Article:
Culture shock

Anyone exposed to a new and different culture will experience some degree of culture shock. Upon first arriving, many international students experience a “honeymoon” period; everything seems new and exciting. But once that passes, a sense of discomfort and unease often settles in.

Some common symptoms of this phase include:

• Frustration

• Irritability

• Boredom

• Criticism

• Withdrawal and/or only spending time with fellow countrymen

• Inability to concentrate

• Excessive or compulsive eating or drinking

Knowing the symptoms can help you recognize them quickly and respond to the feelings without allowing them to overwhelm you. It will require effort because you won’t feel like pushing yourself, but you can significantly shorten the amount of time that you experience these negative symptoms by responding proactively.

Virtually all international students experience culture shock to some degree or another. The different lifestyle or pace in this country may overwhelm you, or perhaps the food and/or customs seem very strange. Even getting used to a new climate may seem like a difficult adjustment. Loneliness is another common challenge, since you have probably left behind family and friends, perhaps for the first time. Don’t be surprised to feel homesickness and discouragement.

Add to that your frustrations with the English language, which may sound quite different than the classroom English you studied back home. You also might struggle to understand the accents of the people speaking it, or keeping up with how fast they speak.
People experience culture shock because of mismatched cultural cues and expectations. Unfortunately, when these cues collide, hostility and confusion ensue. Going into your experience as an international student with an open mind will help you see the similarities and differences between your home country and the U.S. without judging them. You can experience something as different without labeling it as inferior, and respect the new culture without denying your own.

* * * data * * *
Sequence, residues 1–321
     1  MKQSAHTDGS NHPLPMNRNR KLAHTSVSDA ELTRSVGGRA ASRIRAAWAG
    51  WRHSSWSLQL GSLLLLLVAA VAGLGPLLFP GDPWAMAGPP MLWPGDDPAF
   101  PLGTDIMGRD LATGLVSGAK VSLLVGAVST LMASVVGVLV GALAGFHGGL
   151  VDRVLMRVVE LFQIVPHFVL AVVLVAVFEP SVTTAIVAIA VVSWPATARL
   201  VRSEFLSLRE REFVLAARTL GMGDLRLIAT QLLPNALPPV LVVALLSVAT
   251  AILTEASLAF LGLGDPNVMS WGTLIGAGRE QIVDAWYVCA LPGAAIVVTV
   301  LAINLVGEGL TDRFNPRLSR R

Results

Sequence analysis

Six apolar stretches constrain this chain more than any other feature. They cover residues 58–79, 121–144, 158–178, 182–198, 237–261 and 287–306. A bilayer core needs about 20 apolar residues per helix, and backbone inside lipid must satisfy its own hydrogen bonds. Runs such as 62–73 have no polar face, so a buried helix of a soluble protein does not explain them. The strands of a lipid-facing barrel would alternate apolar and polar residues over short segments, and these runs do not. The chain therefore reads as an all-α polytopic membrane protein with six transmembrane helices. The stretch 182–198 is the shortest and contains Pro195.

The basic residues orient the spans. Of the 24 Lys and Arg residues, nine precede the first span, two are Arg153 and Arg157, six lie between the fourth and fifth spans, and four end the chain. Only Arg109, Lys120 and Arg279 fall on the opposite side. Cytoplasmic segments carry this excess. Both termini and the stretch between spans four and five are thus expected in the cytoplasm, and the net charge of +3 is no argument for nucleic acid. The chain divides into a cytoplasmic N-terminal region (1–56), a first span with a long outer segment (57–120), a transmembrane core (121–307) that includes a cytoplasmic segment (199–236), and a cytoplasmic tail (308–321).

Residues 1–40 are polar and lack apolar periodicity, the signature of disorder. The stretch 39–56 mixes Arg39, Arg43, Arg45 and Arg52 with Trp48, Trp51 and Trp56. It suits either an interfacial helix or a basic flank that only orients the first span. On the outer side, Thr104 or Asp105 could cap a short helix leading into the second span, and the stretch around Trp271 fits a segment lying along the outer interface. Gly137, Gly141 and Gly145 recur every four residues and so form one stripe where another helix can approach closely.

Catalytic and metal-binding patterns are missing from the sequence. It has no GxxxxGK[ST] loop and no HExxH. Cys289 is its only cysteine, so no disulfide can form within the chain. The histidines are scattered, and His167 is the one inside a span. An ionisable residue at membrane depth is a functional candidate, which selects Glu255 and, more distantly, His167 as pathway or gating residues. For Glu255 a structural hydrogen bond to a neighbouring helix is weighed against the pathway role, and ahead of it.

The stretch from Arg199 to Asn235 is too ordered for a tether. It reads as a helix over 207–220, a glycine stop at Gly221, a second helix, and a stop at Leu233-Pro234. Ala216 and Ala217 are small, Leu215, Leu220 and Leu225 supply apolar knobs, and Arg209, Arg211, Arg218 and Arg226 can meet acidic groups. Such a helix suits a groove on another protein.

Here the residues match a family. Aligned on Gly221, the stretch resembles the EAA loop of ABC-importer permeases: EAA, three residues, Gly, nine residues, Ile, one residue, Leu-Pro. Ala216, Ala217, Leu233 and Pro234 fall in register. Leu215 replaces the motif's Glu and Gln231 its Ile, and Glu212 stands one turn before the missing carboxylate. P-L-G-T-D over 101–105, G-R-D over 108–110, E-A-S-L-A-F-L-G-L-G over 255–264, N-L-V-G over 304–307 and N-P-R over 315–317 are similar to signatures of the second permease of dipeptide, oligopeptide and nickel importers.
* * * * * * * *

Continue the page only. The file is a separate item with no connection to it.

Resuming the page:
How to Prepare
While preparing yourself ahead of time can help you deal with culture shock, you cannot completely avoid going through some level of adjustment. Living and working conditions, as well as the pace of life will all seem totally unlike your familiar world. The more you know about the politics, economics and culture of your destination, the more you can prepare yourself for what to expect when you arrive.

Hopefully, before you ever leave home, you will take the opportunity to study up on the area you will call home in the U.S. The more you know about the environment you will go into, the more you will adapt to and appreciate it when you arrive. Learn about unspoken rules and expectations, social manners and current affairs. Talk to any one you know who has studied in the U.S. and ask them about their experience. Most importantly, go into your adventure with an open mind. Put aside any stereotypes or preconceptions you already have.

Choosing a school

TOEFL

Additional exams

VISA information

What to expect arriving at the airport in the United States

Culture Shock





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